The ideal biosensor for clinical use would be robust, simple and rapid to use, cost-effective, require minimal sample preparation, use small volumes, and have low nonspecific interference. It would also produce results that are nonbiased, and with low false positives or negatives.
This device would potentially integrate multiple steps and be flexible enough to handle a broad spectrum of applications. Some biosensors are beginning to meet these criteria; most are still in development.[6,7] Currently, almost all DNA biosensors use DNA/DNA hybridization to obtain specificity (Fig. 1). Several novel methods use nonspecific proteins including enzymes and ion channels to detect sequence information from single molecules of DNA. The following are examples of DNA biosensors with a comparison of sensitivity and stage of development.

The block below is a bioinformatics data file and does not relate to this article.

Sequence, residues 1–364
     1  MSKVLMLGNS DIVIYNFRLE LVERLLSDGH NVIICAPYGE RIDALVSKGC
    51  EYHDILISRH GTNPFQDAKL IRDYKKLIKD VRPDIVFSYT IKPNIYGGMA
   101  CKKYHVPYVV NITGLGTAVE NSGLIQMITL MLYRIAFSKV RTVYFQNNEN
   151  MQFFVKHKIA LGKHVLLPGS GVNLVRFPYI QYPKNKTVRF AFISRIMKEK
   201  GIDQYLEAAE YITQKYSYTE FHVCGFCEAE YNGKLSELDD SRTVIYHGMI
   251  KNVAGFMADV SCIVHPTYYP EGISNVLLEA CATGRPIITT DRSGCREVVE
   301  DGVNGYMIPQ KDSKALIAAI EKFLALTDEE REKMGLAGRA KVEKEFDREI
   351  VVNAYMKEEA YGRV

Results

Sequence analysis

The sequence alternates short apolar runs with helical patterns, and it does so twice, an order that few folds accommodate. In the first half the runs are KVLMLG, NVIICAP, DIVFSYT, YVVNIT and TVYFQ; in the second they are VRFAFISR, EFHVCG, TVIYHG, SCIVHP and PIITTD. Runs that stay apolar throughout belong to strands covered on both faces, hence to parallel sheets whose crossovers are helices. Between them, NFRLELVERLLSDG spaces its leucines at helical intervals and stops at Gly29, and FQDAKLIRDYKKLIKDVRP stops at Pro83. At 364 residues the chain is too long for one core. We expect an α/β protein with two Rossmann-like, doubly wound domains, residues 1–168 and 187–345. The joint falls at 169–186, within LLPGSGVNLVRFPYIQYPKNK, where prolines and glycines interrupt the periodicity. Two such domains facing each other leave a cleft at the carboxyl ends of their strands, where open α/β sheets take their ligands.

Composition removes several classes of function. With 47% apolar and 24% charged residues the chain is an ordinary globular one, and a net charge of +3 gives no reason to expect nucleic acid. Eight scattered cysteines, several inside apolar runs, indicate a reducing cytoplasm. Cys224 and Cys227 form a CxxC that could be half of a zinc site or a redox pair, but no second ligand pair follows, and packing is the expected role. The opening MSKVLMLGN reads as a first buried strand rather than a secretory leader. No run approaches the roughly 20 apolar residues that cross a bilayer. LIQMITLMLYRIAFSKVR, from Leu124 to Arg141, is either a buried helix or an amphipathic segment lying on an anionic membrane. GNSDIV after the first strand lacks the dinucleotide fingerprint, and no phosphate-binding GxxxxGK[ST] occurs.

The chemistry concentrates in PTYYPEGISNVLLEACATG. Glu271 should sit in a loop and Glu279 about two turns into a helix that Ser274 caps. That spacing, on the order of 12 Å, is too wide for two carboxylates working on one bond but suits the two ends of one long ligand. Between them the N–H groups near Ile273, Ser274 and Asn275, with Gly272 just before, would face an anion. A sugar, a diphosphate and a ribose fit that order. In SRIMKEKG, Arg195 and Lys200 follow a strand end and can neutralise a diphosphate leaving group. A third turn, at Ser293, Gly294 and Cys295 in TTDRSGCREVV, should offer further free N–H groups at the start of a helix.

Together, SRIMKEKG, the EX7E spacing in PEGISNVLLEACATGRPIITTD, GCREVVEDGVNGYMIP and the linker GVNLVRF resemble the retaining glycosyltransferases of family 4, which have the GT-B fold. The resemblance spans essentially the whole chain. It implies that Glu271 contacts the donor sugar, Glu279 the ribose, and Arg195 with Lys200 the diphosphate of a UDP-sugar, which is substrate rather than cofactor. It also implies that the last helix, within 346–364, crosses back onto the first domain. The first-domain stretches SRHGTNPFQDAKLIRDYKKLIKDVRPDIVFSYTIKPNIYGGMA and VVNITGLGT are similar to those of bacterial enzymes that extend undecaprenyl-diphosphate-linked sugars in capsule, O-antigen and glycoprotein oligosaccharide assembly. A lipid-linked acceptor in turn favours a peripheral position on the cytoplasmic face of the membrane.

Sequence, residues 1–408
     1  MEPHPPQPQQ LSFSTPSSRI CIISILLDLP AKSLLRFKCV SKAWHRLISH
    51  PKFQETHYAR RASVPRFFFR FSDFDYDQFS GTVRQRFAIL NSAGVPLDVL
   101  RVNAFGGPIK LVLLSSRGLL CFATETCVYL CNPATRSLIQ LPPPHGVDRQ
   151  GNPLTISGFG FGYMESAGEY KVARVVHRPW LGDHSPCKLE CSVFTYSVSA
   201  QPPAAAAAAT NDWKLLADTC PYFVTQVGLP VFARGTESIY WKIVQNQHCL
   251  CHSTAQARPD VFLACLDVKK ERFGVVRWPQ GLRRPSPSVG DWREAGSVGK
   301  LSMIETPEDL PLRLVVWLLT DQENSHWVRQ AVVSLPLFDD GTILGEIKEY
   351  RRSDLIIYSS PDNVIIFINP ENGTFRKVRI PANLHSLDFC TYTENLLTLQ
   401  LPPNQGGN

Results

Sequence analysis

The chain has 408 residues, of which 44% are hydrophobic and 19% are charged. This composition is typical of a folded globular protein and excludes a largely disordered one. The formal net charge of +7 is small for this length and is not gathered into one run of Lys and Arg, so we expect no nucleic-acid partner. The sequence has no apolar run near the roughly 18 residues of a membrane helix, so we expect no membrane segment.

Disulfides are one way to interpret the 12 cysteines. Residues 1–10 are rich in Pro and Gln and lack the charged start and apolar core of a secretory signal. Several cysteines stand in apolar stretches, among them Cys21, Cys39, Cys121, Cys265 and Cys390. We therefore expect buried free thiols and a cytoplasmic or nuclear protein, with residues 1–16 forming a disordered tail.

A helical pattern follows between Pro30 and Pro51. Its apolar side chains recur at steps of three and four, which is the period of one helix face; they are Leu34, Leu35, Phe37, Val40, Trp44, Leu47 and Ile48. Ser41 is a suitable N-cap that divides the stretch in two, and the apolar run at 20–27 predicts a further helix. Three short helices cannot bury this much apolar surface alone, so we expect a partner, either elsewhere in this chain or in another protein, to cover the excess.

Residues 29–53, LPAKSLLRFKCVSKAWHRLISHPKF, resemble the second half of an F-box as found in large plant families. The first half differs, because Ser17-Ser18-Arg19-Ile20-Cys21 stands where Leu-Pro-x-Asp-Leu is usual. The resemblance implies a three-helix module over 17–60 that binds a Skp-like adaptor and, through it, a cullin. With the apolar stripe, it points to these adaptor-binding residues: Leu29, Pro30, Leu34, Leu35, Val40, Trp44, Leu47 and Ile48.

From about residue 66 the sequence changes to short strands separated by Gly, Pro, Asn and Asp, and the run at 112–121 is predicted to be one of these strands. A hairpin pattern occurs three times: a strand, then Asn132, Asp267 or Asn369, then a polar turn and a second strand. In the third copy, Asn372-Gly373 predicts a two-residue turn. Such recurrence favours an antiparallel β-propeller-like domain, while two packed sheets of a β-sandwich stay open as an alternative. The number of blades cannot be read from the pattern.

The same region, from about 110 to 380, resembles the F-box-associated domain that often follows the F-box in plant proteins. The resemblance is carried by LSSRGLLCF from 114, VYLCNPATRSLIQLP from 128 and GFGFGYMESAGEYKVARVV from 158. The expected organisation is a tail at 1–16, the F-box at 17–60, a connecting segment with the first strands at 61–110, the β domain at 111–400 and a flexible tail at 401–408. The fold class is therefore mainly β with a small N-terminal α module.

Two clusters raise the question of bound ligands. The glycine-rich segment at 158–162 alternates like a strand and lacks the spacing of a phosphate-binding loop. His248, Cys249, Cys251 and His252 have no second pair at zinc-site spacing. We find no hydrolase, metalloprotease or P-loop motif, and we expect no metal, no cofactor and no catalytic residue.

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The use of dumbbells gives you a much more comprehensive strengthening effect because the workout engages your stabilizer muscles, in addition to the muscle you may be pin-pointing. Without all of the belts and artificial stabilizers of a machine, you also engage your core muscles, which are your body's natural stabilizers.